Though recent years have seen a promising increase in diversity onstage, the sad fact remains that female performers face a precipitous drop in opportunities as they grow older, even those with exceptional skills honed over long and illustrious careers. Rather than accepting this status quo, PRIME Productions has launched with the express goal of fostering stage involvement for women over 50, and developing roles that reflect issues relatable to older audiences. As evidenced by the company’s inaugural show, the regional premiere of playwright Steven Carl McCasland’s Little Wars, PRIME doesn’t intend to let the seriousness of its mission stand in the way of some boisterous irreverence. Set in the French mountains during WWII, the work features inimitable female authors Lillian Hellman, Dorothy Parker, Gertrude Stein, Alice B. Toklas, Agatha Christie, and Muriel Gardiner as they gather for a dinner party. Quick-witted banter grows increasingly confessional as the festivities continue. For tickets and more info, visit 7:30 p.m. Thursdays through Saturdays; 2 p.m. Sundays; 7 p.m. Sunday, May 7. $25. 1501 Fourth St. S., Minneapolis; 612-338-6131. Through May 21 —Brad Richason

Beth Gill: Brand New Sidewalk
Walker Art Center
Beth Gill uses a limited movement palette to conjure up dances that are spare, complex, and formal in the best sense. It’s a real palate-cleanser in this era of physically aggressive, gymnastic choreography. Like a many-faceted crystal, Gill’s dances are full of angles and light that keep shifting, creating a kind of restless clarity. For Brand New Sidewalk, Gill teams up with composer Jon Moniaci and lighting designer Thomas Dunn to create an evocative new piece for four dancers exploring themes of alienation, erasure, and power — concepts currently all too familiar to us and the rest of the world. 8 p.m. Friday and Saturday. $22. 725 Vineland Place, Minneapolis; 612-375-7600. Through Saturday —Linda Shapiro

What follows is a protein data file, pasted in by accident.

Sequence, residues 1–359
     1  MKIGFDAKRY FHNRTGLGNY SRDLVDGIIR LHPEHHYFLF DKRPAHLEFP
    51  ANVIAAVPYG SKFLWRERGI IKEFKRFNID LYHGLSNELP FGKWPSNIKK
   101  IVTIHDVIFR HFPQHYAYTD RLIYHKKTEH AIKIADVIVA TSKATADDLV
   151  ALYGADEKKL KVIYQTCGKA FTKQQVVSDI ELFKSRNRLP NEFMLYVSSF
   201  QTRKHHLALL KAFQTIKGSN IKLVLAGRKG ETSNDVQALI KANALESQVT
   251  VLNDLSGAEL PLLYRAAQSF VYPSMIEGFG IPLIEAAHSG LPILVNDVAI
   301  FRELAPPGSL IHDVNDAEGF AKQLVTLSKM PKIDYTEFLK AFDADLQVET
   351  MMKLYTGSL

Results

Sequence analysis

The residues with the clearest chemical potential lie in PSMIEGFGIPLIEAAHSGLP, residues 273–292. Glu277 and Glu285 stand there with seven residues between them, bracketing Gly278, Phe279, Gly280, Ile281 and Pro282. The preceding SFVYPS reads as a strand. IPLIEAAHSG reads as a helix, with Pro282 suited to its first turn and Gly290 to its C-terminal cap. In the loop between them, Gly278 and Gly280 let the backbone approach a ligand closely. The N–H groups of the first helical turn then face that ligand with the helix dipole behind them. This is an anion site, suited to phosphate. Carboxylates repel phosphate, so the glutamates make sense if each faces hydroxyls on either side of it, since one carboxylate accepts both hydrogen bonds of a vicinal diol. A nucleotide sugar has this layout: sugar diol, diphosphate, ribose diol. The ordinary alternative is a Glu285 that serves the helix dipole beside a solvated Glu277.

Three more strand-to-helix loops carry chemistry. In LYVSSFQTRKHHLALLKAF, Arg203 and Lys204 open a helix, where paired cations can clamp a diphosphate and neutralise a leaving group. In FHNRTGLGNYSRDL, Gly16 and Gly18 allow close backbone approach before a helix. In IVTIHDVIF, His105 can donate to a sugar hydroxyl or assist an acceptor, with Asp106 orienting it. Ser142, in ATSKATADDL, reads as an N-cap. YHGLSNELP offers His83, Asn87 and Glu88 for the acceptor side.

Rhythmic Circus: Feet Don’t Fail Me Now
O’Shaughnessy Auditorium
The artful and wholly entertaining hoofers of Rhythmic Circus — Nick Bowman, Galen Higgins, Ricci Milan, and Kaleena Miller — are back. After touring the world with their funkadelic show, with live musicians in tow (including guitarist Alex Rossi, beatboxer Aaron Heaton, and drummer Patrick Nelson), they’re bringing their percussive exuberance to the O’Shaughnessy. Winner of multiple awards, the all-ages, wildly effusive show celebrates the power of tap dance with crazy outfits and charismatic performances. 7:30 p.m. $18-$38. 2004 Randolph Ave., St. Paul; 651-690-6700. —Camille LeFevre